Use your web design program (with site management features) or FTP program to upload your files to your webserver. When you signup for your webhosting, the webmaster will give you an URL to log on to, a user name and password to log into your account. Configure your FTP program so that it will dial into your account. Then when you are connected, transfer the files to the webserver. Some web host I know doesn't even require the use of any FTP program. You just drag the files from you desktop to the window of the web server. Just like drag and drop in Windows.

You may get free copies of FTP program by downloading them from the web. Recommended ones are WS FTP Pro or WS FTP LE programs. Go to In the search window, type WS_FTP Pro and click 'go'. You will be given a whole list of the programs to download. You may select those which are 'free' and has the word 'pick' next to it. These are the popular and recommended ones. LE stands for Light Edition and Pro stands for Professional. Both work well. Check your documentation from your web host, the web server may not show your files immediately from your browser. There may be a time lag. So don't panic when you try to look at your site immediately after that and it doesn't appear.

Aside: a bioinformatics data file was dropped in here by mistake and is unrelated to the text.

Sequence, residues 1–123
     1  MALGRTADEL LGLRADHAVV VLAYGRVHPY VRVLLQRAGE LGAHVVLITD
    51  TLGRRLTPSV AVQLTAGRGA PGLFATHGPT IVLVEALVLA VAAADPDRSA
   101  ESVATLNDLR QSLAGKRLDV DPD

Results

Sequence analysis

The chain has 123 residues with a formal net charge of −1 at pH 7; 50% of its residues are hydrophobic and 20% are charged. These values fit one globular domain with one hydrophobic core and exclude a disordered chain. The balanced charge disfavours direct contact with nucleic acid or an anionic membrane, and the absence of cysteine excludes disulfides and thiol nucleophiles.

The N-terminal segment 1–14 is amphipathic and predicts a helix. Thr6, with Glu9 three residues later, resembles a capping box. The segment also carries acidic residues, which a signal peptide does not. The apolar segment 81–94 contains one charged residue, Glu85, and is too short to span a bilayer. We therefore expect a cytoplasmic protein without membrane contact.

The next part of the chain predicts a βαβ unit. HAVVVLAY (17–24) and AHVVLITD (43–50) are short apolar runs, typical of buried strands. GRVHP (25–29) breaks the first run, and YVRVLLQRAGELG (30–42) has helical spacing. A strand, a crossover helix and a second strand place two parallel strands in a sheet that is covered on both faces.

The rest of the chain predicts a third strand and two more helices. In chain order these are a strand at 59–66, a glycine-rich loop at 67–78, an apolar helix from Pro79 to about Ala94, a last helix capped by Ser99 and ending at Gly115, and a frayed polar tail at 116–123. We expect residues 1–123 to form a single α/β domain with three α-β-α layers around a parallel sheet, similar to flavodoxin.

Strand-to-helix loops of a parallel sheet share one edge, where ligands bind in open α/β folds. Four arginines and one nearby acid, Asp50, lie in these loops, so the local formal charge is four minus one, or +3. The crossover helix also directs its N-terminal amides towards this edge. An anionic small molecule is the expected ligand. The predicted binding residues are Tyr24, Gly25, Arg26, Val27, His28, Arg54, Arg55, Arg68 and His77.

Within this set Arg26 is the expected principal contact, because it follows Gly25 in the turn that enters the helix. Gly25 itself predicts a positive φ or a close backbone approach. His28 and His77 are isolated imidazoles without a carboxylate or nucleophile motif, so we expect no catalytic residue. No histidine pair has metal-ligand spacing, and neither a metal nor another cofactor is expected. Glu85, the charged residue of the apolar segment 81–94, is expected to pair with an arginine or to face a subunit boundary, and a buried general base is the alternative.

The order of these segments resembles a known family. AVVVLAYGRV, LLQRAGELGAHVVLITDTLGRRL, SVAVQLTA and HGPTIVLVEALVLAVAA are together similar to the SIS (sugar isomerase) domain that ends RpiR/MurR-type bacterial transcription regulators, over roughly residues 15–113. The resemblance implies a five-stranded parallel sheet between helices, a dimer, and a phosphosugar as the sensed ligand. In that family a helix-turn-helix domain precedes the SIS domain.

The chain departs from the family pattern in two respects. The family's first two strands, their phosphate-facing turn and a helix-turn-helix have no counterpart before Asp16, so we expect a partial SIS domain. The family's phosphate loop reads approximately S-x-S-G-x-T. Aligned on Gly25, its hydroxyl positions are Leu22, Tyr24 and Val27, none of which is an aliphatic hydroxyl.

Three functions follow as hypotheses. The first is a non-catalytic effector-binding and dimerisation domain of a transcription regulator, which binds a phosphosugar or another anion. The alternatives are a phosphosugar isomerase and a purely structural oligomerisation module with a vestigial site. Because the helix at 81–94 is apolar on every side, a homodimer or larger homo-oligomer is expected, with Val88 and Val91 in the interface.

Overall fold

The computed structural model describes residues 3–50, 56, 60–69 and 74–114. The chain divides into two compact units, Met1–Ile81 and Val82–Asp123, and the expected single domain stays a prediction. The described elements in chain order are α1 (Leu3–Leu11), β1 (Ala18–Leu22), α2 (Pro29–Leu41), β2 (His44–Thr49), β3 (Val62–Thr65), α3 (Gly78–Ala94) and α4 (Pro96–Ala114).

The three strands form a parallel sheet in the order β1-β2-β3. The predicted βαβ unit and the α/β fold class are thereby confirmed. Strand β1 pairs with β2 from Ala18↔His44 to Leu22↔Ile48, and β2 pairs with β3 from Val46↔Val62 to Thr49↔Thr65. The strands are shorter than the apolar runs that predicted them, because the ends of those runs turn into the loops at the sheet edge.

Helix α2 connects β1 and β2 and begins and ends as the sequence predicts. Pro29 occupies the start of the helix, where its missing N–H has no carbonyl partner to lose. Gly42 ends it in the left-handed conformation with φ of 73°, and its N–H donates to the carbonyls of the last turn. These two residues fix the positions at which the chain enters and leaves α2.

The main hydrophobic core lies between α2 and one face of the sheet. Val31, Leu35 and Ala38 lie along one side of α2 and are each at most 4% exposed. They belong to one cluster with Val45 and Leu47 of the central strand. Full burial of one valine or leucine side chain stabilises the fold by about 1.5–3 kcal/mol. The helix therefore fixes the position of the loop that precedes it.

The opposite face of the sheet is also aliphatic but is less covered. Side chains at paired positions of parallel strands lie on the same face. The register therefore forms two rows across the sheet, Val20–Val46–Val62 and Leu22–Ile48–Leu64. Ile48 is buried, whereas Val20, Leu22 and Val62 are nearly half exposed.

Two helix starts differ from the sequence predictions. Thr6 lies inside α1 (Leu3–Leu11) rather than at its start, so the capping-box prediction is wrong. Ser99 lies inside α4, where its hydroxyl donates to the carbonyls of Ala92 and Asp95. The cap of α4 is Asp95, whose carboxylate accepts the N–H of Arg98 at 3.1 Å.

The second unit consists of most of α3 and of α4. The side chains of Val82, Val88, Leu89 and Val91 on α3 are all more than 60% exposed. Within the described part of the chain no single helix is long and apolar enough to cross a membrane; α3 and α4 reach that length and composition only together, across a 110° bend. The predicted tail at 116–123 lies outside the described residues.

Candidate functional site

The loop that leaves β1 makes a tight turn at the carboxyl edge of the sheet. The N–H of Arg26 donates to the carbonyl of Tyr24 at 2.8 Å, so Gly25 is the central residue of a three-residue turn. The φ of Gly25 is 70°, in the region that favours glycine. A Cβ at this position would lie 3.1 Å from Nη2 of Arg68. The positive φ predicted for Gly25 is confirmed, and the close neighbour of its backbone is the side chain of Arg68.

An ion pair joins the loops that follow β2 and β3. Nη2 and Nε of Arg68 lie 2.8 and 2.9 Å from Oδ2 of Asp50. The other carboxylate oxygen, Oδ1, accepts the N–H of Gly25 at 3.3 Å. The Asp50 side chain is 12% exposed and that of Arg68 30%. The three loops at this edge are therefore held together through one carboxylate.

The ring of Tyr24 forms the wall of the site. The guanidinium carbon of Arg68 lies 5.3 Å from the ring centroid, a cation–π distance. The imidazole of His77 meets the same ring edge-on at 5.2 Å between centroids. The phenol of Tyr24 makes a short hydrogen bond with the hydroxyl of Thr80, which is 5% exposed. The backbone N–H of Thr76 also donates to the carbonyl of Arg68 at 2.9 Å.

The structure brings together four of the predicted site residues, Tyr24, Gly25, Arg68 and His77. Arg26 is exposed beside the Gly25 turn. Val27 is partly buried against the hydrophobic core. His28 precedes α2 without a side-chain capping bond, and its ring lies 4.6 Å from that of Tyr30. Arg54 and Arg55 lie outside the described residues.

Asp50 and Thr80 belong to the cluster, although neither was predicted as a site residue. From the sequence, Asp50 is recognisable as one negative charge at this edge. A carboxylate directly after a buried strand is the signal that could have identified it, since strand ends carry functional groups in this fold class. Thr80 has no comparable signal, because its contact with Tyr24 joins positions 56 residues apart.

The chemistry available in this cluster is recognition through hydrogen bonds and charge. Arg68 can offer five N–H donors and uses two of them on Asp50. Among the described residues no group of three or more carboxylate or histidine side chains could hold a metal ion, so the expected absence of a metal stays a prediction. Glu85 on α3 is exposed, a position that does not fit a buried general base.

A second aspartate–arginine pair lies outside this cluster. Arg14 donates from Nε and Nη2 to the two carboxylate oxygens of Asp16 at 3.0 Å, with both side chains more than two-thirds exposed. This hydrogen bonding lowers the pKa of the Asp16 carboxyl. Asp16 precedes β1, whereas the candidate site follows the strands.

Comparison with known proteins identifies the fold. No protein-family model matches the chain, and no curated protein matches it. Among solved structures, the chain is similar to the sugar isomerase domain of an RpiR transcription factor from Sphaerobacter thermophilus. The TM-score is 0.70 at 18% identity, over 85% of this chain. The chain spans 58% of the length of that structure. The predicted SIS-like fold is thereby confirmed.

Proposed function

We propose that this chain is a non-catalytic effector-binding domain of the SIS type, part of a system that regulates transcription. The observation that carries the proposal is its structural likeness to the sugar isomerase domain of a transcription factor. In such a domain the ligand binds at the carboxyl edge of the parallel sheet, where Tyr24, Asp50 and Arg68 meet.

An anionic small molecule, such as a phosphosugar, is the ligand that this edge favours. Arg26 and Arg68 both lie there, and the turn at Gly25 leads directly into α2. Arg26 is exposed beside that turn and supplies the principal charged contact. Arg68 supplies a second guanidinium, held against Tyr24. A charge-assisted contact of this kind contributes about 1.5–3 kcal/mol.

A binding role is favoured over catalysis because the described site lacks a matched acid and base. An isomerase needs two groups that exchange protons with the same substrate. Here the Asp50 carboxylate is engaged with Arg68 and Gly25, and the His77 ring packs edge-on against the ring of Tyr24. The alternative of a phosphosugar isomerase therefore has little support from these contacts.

After transfer, you need to check the following again :

  • Check your loading time. Do all pages take too long to load ? Refine those that are too big and upload your refined page again. If you are using broadband, then it may not be representative of what most people use. As such you may need to test from another machine that uses 33K or 56K modem. 28K modem are not so common nowadays.